Show Recap: Slum Village Rocks New York City’s S.O.B’s
There’s a reason why Slum Village has been around for so long. The unwavering group’s collection of great music is eternal, and they know how to liven up a crowd during shows, as proven last night (September 20) at S.O.B’s.
After instructing the intimate crowd to put a peace sign in the air for the late J Dilla and Baatin, Slum led off with classic cuts from their earlier days, before Illa J and Young RJ were a part of the trio. First songs off their hour-long set were: “Untitled/Fantastic,” “Tainted,” “Fall In Love,” “Conant Garden” and “The Look of Love.” Smooth records to rouse up the mature turnout, producing that “grown and sexy” feel T3 was going for.
“What’s up, New York?” T3 demanded attention from the cheering crowd. “What’s going on? Now, that we got warmed up, can we keep this going? I guess we can keep it going, J.”
Slum certainly did kept the movement forward, transitioning to the banger “Reppin'” off their latest effort The Dirty Slums. The Detroit trio switched it back to previous tracks like “Get Dis Money” before performing “Climax,” during which featured Illa singing the end—to the female spectators’ delight. Not long after “2U 4U,” Illa would do it again with “Closer.”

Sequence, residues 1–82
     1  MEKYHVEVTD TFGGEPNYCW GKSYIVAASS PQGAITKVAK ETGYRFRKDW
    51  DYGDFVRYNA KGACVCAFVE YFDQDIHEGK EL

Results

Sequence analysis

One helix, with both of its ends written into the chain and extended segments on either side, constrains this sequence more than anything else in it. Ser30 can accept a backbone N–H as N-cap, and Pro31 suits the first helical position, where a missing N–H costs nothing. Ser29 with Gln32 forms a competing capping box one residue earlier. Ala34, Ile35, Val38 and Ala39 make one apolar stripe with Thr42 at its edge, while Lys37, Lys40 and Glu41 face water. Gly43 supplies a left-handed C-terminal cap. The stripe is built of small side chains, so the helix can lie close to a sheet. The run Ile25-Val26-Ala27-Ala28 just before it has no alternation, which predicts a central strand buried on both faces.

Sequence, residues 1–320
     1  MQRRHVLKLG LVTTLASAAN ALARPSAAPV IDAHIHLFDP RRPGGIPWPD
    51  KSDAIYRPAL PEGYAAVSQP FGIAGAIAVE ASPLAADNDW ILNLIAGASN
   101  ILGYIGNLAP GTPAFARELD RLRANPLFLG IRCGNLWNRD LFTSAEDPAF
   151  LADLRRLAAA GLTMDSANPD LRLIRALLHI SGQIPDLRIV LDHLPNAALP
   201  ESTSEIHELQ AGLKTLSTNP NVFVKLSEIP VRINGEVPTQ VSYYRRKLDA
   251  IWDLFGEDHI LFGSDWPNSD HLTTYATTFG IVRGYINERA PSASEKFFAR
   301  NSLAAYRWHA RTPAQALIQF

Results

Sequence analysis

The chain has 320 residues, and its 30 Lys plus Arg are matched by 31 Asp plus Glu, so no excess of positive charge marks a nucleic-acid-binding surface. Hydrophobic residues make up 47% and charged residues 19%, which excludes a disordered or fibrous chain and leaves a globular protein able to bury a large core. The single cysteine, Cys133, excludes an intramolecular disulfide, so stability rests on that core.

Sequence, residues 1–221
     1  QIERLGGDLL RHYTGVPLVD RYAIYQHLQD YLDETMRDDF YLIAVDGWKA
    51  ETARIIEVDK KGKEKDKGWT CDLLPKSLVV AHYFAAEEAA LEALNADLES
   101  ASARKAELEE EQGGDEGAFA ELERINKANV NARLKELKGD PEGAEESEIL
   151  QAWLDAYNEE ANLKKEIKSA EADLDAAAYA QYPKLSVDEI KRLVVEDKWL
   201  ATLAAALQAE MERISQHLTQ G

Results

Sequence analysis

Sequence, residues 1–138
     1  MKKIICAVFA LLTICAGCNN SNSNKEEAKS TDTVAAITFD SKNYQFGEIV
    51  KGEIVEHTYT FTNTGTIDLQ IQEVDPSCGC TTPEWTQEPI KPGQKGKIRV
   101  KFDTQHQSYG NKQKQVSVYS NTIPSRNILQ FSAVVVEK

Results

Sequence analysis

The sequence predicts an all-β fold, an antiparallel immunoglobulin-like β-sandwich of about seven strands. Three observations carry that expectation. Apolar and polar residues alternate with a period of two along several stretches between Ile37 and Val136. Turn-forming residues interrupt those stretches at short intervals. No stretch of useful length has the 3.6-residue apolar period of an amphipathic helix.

While Young RJ was setting up another record to perform, various requests were yelled out from the audience. “Mulitply!” “Selfish!” T3 jokingly replied, “It might be one of those.” The original Slum member continued teasing, placing his microphone on the stand, as Illa stepped aside, as if he was going to sing falsetto uninterruptedly. As T3 began, chuckles were murmured, quickly followed by the beat to “Selfish,” triggering the chuckles to cheers and arm waves.
Prior to Slum Village hitting the stage, Hot 97’s Peter Rosenberg, the host of the event, joked about how he has been waiting for Nicki Minaj’s boyfriend or Power 105.1’s Charlamagne to confront him. Kid Daytona and J Pinder both hit the stage soon after Rosenberg’s quips, with Seattle’s Pinder showcasing dominant stage presence after performing “Never No,” “Big Homie Style,” “Dream Killers” and more, including the unreleased record “Illuminate.”
“I could get it back, I could blow a stack, this is what they taught me, the ignorance in rap/This is where they lost me, the music’s where I found me, too smart for my own good and everyone around me,” Pinder spit an acappella verse to close his set short, but impactful set. —Christopher Minaya (@CM_3)